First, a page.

Cambridge, where he gained an MA in Computer Science. On graduating
in 2001 he joined the Shortlink team at Symbian, and soon became
the expert on the IrDA subsystem. Since then he has also worked on
a number of OBEX projects, as well as a smaller number of Bluetooth
projects – the main one being part of the initial
implementation of Bluetooth PAN profile. He is currently focusing
on USB, but frequently supports maintenance work on IrDA and OBEX.
Out of work hours, Ian is a keen photographer, and also makes
items of jewellery.
Lucy Caffery has been at Symbian since 2000, where she has worked for the Licensee Product Development team helping UIQ licensees to create Symbian products. Starting out as a Bluetooth specialist, she became Head of the Comms Porting group in LPD, a team which specializes in consultancy in all areas of the Symbian OS Comms subsystem. More recently Lucy has become the Deputy Head of LPD. Lucy has been involved in comms on all the UIQ devices that have shipped to date: Sony Ericsson P8xx, P9xx, M600i, W950i and P990, Motorola A92x, A1000 and M1000.
Pierre Cochart graduated from King's College London in 2000. He then joined Symbian as a graduate in the telephony team to help with the development of the 7.0 OS release. In 2003 he joined Licensee Product Development group to work in the Comms Porting group where he assisted customers with software development in various areas of comms. Pierre is now responsible for handling the communications area for the Japanese licensees.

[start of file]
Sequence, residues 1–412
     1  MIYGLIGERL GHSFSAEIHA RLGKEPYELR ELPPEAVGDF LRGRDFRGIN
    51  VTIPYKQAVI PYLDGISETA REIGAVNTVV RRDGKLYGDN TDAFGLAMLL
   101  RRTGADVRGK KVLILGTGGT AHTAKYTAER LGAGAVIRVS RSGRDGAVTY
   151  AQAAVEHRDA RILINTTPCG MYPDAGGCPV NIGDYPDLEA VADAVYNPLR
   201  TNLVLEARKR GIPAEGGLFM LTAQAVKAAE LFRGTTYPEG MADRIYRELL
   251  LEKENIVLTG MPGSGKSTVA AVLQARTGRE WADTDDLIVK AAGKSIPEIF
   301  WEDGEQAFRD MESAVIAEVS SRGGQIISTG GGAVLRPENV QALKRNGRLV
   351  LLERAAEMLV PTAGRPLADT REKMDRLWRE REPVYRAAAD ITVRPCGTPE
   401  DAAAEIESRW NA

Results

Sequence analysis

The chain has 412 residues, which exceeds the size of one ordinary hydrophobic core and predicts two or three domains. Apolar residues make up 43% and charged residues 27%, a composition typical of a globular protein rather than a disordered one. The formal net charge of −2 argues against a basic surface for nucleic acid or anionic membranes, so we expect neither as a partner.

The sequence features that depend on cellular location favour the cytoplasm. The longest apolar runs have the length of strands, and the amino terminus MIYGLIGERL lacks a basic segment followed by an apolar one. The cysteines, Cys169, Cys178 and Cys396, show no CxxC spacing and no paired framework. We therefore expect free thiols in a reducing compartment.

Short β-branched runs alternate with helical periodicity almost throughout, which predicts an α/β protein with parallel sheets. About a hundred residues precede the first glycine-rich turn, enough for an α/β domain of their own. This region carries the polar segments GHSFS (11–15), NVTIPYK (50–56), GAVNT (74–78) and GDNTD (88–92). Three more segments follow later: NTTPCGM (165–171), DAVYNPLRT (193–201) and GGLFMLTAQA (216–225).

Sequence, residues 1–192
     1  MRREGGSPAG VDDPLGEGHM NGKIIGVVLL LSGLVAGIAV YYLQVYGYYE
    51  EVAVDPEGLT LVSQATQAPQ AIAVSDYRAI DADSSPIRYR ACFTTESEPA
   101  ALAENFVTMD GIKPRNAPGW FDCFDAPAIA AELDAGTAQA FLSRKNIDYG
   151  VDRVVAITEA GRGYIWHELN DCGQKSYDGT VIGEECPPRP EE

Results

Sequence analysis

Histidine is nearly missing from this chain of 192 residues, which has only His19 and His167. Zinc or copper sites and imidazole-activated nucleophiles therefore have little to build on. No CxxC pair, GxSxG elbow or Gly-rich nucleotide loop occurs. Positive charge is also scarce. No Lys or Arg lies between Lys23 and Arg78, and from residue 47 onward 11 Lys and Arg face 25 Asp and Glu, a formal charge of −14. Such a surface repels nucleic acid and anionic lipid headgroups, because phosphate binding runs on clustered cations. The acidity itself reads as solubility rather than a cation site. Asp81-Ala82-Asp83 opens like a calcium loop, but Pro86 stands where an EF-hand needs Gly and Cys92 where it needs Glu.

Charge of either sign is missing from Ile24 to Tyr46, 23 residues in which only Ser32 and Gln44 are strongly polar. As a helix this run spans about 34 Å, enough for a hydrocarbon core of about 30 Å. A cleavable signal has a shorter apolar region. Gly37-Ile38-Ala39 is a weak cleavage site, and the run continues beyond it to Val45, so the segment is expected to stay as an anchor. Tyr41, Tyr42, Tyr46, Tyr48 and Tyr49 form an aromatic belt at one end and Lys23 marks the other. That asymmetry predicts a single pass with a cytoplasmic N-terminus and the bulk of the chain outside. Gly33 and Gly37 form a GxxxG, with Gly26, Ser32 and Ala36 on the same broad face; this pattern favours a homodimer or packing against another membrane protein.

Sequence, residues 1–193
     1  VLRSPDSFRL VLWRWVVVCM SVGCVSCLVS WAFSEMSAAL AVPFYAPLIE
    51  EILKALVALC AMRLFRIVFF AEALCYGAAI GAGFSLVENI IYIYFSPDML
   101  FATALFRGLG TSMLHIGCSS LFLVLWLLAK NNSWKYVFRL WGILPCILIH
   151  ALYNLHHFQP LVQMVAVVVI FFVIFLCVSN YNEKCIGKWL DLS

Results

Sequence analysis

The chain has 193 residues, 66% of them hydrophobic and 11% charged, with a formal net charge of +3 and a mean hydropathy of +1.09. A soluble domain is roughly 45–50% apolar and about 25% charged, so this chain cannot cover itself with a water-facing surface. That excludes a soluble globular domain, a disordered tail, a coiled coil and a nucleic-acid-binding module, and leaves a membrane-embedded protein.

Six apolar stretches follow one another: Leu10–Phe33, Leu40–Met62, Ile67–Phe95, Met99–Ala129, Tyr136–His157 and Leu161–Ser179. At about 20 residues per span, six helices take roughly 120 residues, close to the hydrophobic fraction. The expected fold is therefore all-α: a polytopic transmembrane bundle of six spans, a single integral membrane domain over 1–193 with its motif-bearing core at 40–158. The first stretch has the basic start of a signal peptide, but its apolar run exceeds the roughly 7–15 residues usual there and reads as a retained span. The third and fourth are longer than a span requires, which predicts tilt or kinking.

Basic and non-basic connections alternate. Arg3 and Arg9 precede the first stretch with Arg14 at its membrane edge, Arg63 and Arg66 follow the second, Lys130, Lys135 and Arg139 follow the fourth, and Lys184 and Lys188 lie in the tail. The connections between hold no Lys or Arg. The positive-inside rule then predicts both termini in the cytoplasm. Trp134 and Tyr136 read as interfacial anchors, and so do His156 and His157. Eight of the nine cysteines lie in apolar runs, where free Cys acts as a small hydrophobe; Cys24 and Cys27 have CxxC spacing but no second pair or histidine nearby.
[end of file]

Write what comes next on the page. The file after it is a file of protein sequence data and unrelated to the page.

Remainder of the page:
Twm Davies joined Symbian as a graduate in 1999. Twm has had a varied career within Symbian, initially working as a developer of the ’crystal’ messaging application which provided the UI to the Nokia communicator range, then as a technical consultant for Motorola, Nokia and significantly the technical lead on the first non-Nokia S60 handset, the Siemens SX1. Twm currently works as Product Manager for performance. Twm graduated from Cardiff University with a First Honours Computer Science BSc. Interests outside of work include collecting mispronunciations of his name, scuba diving, Vespas and he runs a web site selling his art works.